Things Undone


The birds sense winter coming this morning.

Sparrows flutter, fight and search the eaves

for hiding places from the next season.

Blue jays, cardinals, chickadees, all anxiously feeding,

reminding me of things still left undone.


Picture: The Great Falls


The Passaic River is


on its journey to the sea by

Little Falls


Great Falls

in Paterson, New Jersey

that inspire poets,

lovers and photographers.

My screen shows

a couple on the bridge

we all pause

a moment –


I allow the water

to move them

ever so slightly,

then take the picture.



Poetry 101

WordPress offers an Intro to Poetry 101 freebie online “course” to inspire you to write 10 poems in 10 days. Really, it is just a very brief one-word prompt and some poetry suggestions.

Day One: Haiku, the Purest of Forms
The sashimi of poetry. Seventeen syllables channeling the essence of sound and meaning. Haiku.
A traditional Japanese form now popular around the world, Haiku come with a preset structure: three lines containing five, seven, and five syllables, respectively (or, in more modern haiku, three lines following the long-short-long pattern)

I don’t normally need much prompting to write, but it is good to get poked into writing once and awhile.  And though this site is devoted to ronka poems, a few haiku and other forms might slip in now.  Poems for this little side project will be tagged #poetry101 here, and you can see poems by others as part of this project at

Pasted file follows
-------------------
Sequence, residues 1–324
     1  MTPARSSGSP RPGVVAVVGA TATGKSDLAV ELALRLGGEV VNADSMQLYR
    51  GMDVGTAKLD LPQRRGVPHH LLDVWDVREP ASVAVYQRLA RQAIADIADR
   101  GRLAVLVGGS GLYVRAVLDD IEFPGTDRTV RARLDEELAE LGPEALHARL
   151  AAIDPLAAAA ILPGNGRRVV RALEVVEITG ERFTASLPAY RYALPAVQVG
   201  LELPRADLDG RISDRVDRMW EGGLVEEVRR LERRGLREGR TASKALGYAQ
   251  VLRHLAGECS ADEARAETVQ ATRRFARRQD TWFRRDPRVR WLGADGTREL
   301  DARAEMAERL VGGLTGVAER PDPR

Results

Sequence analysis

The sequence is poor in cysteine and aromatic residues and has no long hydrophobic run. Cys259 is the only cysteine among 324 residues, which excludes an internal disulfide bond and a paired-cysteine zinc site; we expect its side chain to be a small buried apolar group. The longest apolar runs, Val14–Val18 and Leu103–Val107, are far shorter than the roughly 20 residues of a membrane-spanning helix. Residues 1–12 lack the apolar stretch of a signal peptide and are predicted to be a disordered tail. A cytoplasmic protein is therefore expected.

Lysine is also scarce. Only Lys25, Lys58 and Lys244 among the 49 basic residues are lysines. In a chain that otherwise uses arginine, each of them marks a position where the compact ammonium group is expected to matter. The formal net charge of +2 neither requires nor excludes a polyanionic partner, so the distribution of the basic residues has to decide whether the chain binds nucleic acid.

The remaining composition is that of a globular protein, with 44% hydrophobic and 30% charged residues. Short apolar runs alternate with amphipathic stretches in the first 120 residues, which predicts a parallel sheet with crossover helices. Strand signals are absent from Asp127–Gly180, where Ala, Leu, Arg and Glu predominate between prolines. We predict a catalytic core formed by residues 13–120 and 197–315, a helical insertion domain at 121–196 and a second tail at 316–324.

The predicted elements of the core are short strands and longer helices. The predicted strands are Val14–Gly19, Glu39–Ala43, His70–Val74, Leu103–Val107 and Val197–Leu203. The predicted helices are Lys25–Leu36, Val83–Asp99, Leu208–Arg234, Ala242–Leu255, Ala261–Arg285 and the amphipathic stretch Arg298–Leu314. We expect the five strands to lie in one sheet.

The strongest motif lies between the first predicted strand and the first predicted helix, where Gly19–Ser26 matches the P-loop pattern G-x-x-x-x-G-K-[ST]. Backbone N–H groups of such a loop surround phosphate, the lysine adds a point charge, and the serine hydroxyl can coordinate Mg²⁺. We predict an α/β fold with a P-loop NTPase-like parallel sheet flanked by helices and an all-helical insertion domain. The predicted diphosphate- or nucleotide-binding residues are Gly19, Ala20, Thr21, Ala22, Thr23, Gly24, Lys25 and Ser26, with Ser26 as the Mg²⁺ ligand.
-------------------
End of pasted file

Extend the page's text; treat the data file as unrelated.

Here is my day one water haiku.

Rainfall, petals fall
Water returns to sky
Plants back to earth

The Death of Cassini


The 13-year-old spacecraft sends us its final

photographs of the rings and Titan moon,

as it is steered toward Saturn’s surface.

At 76,000 mph, the atmosphere will tear

it apart and vaporize this celestial explorer.


Cassini–Huygens, or more commonly, Cassini, was a Flagship-class unmanned robotic spacecraft which was planned, built, launched, and operated in collaboration between NASA, the European Space Agency, and the Italian Space Agency, and was sent to the planet Saturn. Cassini was the fourth space probe to visit Saturn and the first to enter its orbit. It studied the planet and its many natural satellites from when it entered orbit in 2004[5] to when it began its final, suicide descent in September 2017.

The spacecraft was steered to its death when its fuel had been expended so that it would not crash into one of Saturn’s moons and possibly contaminate it with materials from Earth.

Giovanni Domenico Cassini (8 June 1625 – 14 September 1712) was an Italian mathematician, astronomer, astrologer and engineer who discovered four satellites of the planet Saturn and noted the division of the rings of Saturn.